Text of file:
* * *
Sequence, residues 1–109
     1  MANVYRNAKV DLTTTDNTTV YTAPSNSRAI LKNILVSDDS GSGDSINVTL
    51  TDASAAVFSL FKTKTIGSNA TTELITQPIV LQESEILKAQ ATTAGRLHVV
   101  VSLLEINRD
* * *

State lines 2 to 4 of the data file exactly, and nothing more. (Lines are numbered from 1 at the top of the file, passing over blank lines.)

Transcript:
     1  MANVYRNAKV DLTTTDNTTV YTAPSNSRAI LKNILVSDDS GSGDSINVTL
    51  TDASAAVFSL FKTKTIGSNA TTELITQPIV LQESEILKAQ ATTAGRLHVV
   101  VSLLEINRD